The above datasource is probably the most complicated part of this.  We are creating a composite DS, combining the System.Discovery.Scheduler module, with the System.Discovery.FilteredClassSnapshotDataMapper module.

The scheduler is simple – we pass in the interval.

The System.Discovery.FilteredClassSnapshotDataMapper is more complicated – it basically allows you to create a filtered discovery of existing objects, based on an expression matching on a class property.  In this case, if the System OID equals a specific OID we pass in the discovery, it is a match and we will create an instance of the class.  Since all your desired network devices will share a common System OID, this is the perfect property to match on.

In this DS, I also included the ability to pass the Model and Vendor – you can inherit whatever is present from the Node property if the discovered network device is CERTIFIED, or provide your own custom ones in the discovery, if GENERIC.

 

Last – we define our discovery.

 

<Discoveries> <Discovery ID="Example.Network.Device.Discovery" Enabled="true" ConfirmDelivery="false" Remotable="true" Priority="Normal" Target="Network!System.NetworkManagement.Node"> <Category>Discovery</Category> <DiscoveryTypes> <DiscoveryClass TypeID="Example.Network.Device" /> </DiscoveryTypes> <DataSource ID="DS" TypeID="Example.Network.Device.Discovery.DS"> <IntervalSeconds>14400</IntervalSeconds> <SyncTime /> <OID>.1.3.6.1.4.1.8072.3.2.10</OID> <DisplayName>$Target/Property[Type="Network!System.NetworkManagement.Node"]/sysName$</DisplayName> <Model>$Target/Property[Type="Network!System.NetworkManagement.Node"]/Model$</Model> <Vendor>$Target/Property[Type="Network!System.NetworkManagement.Node"]/Vendor$</Vendor> </DataSource> </Discovery> </Discoveries>

 

The discovery is simple – we simply call the datasource module, and pass any necessary parameters to the discovery.  In this case, each discovery will include a Class Type which we are trying to discover, a System OID for the device type/class, map the existing display name, and then include the model and vendor.  You can hard code the model and vendor as text in each discovery if desired.  The OID in my example is for a Linux system, you will need to change this.

You should add multiple discoveries for each different class type you want to create.  These can be placed in unique MP’s for each network device type, or combine them all into one MP, up to you.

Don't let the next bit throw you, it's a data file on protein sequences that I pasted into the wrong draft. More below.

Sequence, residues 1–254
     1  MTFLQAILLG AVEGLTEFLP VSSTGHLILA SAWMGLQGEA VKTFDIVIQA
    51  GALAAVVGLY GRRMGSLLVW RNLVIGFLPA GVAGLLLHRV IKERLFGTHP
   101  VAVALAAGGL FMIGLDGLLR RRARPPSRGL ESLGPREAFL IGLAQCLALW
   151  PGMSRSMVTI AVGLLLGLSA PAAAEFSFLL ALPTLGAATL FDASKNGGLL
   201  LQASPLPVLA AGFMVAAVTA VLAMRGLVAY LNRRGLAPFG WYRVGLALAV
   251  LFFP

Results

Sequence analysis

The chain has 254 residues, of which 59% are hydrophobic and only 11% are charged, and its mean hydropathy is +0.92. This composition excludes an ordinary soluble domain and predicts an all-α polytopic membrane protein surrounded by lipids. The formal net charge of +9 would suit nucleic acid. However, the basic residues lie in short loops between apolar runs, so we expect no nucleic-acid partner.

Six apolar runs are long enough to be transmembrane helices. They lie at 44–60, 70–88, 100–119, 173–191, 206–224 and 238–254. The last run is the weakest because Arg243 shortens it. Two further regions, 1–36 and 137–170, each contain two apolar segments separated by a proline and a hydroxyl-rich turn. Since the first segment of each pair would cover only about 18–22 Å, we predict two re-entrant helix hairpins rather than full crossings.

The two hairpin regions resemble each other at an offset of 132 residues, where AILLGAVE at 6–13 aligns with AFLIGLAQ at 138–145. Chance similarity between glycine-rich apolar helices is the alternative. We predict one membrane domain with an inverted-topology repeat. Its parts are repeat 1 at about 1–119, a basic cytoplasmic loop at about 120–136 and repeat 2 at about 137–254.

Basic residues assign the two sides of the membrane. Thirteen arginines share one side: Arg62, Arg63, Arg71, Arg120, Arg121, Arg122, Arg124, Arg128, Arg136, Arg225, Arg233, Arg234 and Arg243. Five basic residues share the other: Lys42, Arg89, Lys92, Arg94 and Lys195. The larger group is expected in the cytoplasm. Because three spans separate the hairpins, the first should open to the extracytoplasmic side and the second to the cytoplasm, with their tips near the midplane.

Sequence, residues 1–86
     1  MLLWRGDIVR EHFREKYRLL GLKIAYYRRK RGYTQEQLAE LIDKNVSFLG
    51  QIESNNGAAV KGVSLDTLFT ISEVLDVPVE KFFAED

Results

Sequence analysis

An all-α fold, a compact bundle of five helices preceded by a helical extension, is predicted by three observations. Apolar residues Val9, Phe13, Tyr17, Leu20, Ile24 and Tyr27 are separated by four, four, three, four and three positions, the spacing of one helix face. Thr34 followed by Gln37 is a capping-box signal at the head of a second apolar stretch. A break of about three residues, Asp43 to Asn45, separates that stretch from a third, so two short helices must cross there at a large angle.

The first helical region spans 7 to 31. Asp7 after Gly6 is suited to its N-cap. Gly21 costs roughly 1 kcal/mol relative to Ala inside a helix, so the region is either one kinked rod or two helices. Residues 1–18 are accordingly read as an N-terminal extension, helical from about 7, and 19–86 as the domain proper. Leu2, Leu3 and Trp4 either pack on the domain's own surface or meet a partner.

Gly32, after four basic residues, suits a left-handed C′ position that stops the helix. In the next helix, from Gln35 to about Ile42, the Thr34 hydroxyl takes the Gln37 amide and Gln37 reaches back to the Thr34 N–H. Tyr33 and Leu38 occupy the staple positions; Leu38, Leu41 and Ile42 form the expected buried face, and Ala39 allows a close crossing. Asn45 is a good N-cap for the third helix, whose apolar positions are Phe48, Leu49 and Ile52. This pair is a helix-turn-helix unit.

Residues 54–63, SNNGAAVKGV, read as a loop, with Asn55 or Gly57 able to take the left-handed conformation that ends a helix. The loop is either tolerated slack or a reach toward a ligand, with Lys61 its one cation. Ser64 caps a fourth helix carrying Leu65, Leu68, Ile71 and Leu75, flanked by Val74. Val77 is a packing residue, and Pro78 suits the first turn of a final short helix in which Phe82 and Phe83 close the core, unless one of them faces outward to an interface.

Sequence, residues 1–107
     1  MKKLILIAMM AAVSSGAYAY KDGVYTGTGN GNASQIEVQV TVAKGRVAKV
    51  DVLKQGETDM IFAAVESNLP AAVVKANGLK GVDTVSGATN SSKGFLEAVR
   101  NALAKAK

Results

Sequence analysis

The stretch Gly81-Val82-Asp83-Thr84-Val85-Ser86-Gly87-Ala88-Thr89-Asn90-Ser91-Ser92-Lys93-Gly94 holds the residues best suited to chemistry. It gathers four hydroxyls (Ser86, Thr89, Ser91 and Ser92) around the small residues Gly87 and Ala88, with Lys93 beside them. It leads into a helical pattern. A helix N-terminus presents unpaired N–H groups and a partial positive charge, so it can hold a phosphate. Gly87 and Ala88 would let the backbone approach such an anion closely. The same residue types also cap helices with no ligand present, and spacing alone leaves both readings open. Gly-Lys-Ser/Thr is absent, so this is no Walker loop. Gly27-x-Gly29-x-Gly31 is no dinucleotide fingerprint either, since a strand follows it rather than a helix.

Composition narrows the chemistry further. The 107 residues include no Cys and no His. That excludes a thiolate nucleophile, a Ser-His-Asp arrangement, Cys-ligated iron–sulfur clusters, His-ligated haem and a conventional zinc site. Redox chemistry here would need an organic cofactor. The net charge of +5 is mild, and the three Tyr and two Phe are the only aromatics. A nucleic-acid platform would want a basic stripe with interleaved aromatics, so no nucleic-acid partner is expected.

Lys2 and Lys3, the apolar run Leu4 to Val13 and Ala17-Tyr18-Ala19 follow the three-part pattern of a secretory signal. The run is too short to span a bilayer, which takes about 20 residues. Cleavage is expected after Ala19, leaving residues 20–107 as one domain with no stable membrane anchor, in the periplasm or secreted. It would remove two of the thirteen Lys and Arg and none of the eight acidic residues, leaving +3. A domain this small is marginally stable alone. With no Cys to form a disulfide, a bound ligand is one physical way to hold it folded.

You can download a copy of the entire example mp here:

https://gallery.technet.microsoft.com/SCOM-Custom-Network-device-b2b16959


Comments (1)

  1. Jason says:

    Its a good base to work from to discover the device. A novice could use this as their base and then simply create basic SNMP probes etc in the SCOM GUI console and target this class, saving the probes in this same management pack. They will get alerts, health explorer status and performance etc.
    I have found its not enough if you want to do something decent.
    You need to target the base class for further discoveries like the article you referenced.
    Also, the OTB Monitor types have issues because your parent class can only ever be un-hosted off the "Node" class. The Monitor types are expecting to drill down to the root hosted class and return the OID, PortNumber, SNMPAddress, VirtualCommunitySuffix and SNMPVersion as properties in order to make the probe / walk but they can only ever get as far as your base class.
    The work around is simply add the properties above into your parent class and then in the discovery simply map these MP element properties from same properties in the Node you are discovering.
    This doesn't solve all problems. People may still need to create their own Monitor types. MSDN provide some good examples to work off but it needs time to learn. Patience is the key.